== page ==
My travels took me to Chicago and New York recently and here are some images related to personal finance that I captured:
- Thanks to the Federal Reserve Bank of Chicago for recently co-hosting the Financial Literacy Summit with VISA. I enjoyed moderating the panel on Expanding Access to Financial Education Programs (video for Session 6 here):
- Would you take tax advice from a “tax truck?” Seen on the streets of New York the weekend before Tax Day:
I saw this paid ad during a Google Search this evening:
Hmmm…so what caught my eye? The “Purchase 3 Bureau Reports.” Many of you are probably wondering “Why purchase these reports when you can get credit reports from each of the three bureaus for FREE at annualcreditreport.com? ” and “Why would you want to buy them at the same time?” A best practice is to space out your FREE credit reports from the three credit bureaus every four months so you can be constantly monitoring them. To make matters even more confusing (or some might say misleading) the ad says in bold at the top “No Credit Card Needed” so why would I have to purchase something that is available for FREE elsewhere.
Click on “Purchase 3 Bureau Reports” and here’s what you get:
It’s a new year which makes it a good time to review your credit report. I went to annualcreditreport.com, answered a few questions to verify my identity and proceeded to my credit report. As I completed my review, I couldn’t help but notice the offer about getting my credit score (can you say cross-selling opportunity?). When I clicked on the button…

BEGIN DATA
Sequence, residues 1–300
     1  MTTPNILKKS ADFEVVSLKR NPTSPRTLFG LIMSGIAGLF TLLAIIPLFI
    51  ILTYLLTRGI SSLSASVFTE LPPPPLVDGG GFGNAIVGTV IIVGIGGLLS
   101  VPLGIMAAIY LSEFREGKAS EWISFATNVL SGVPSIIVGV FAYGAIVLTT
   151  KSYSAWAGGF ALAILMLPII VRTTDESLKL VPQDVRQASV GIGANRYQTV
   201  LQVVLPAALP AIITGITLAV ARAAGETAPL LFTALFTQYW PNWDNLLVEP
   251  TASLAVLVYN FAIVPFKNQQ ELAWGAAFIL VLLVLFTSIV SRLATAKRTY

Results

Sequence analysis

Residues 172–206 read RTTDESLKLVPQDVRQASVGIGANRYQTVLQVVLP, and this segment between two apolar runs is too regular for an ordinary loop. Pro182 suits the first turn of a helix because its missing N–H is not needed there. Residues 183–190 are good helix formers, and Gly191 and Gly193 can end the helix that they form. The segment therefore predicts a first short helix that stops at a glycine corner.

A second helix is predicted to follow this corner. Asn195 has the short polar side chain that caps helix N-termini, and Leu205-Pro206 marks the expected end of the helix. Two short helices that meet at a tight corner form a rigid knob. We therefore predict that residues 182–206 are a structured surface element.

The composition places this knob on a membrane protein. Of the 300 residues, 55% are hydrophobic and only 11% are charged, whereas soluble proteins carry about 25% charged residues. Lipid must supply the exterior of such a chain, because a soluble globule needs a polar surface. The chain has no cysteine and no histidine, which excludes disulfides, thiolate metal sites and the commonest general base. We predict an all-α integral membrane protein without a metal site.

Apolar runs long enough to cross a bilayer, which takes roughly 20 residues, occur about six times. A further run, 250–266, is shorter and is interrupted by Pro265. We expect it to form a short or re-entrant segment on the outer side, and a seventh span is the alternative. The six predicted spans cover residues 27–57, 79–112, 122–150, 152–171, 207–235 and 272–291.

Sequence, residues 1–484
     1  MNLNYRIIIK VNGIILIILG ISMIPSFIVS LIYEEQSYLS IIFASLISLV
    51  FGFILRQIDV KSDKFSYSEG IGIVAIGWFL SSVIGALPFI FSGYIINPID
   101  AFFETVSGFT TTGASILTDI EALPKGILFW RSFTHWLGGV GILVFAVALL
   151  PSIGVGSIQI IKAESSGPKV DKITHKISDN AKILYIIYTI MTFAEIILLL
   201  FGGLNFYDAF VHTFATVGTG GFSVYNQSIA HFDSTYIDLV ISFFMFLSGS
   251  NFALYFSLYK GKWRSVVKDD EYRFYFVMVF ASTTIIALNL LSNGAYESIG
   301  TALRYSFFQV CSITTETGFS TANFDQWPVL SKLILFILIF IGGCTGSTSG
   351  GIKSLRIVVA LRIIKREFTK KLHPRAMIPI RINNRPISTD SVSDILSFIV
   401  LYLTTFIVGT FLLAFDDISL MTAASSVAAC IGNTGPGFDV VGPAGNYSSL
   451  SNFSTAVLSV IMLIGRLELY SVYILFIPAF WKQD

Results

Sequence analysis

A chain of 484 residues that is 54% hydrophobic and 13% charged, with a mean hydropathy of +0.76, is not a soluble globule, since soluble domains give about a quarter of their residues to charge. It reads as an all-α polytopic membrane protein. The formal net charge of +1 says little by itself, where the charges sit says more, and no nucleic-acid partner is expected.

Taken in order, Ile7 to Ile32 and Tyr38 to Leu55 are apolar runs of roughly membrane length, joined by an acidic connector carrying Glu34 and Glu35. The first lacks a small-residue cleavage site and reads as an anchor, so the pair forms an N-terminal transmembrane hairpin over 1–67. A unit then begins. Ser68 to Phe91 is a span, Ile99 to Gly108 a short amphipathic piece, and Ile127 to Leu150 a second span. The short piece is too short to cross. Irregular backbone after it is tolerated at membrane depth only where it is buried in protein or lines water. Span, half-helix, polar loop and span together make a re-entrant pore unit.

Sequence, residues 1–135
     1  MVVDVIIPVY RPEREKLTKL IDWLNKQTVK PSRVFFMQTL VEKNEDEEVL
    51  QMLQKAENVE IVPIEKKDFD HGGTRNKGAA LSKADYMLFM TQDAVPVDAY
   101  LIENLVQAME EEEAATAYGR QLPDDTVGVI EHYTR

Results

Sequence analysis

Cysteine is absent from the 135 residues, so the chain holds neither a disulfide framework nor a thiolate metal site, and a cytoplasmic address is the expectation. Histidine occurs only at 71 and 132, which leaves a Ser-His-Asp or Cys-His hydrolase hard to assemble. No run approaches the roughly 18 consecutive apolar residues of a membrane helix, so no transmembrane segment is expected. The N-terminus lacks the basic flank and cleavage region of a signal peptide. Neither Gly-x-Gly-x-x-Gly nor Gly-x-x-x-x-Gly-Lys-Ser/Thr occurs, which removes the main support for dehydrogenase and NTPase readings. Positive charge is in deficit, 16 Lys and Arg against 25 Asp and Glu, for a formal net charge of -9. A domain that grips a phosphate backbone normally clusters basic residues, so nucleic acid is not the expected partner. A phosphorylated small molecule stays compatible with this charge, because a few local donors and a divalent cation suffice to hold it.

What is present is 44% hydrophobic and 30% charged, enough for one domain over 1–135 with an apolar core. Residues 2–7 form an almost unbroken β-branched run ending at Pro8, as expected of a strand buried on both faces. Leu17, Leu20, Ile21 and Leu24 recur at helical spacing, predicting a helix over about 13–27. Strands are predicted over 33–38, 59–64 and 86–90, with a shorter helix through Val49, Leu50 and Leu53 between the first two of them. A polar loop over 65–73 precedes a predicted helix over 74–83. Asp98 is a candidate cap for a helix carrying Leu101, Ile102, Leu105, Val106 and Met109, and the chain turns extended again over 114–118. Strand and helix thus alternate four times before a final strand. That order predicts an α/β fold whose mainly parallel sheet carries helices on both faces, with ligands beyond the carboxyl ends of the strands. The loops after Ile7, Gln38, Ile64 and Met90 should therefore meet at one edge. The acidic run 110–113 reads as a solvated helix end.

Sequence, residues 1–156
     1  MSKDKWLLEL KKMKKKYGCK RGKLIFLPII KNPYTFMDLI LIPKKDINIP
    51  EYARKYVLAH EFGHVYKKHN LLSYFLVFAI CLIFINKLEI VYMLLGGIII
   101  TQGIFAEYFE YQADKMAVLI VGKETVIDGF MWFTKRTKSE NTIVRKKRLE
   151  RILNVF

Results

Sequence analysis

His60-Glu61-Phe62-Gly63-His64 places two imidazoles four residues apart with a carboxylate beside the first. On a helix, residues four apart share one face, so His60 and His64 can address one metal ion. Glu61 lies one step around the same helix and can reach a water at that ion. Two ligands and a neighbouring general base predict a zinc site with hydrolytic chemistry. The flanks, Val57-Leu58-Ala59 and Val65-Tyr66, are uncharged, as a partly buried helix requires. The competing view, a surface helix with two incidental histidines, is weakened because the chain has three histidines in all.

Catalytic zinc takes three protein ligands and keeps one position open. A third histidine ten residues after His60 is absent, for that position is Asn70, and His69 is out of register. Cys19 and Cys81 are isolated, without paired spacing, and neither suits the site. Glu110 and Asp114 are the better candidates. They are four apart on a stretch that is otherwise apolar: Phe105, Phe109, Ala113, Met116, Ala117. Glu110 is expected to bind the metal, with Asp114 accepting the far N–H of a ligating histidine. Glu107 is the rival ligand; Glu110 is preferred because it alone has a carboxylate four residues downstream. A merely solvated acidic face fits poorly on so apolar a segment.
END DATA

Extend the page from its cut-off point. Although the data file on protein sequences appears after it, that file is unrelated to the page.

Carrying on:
What’s the catch?
Those who use NGPF resources know that we place a premium on teaching students how to navigate the web, discern credible sources of information and do the research required to make sound financial decisions. Occasionally we get pushback that our content should be “commercial free” and that linking to an online article that has ads anywhere on the page is “commercial” and students should not be subjected such distraction. Newsflash: The Internet has gone commercial. All that free content has to be paid for somehow. Isn’t it better that we teach students to be skeptical, critical thinkers about advertising instead of pretending that they can wall themselves off in an ad-free world.
Hat tip to Visual Capitalist which posted this MBA@UNC infographic (click the link to see the full infographic):
Here’s an activity idea for your Instagram-obsessed students. Have them take pictures of personal finance that they notice in their everyday lives. Here are a few I came across this weekend while wandering around the Bay Area: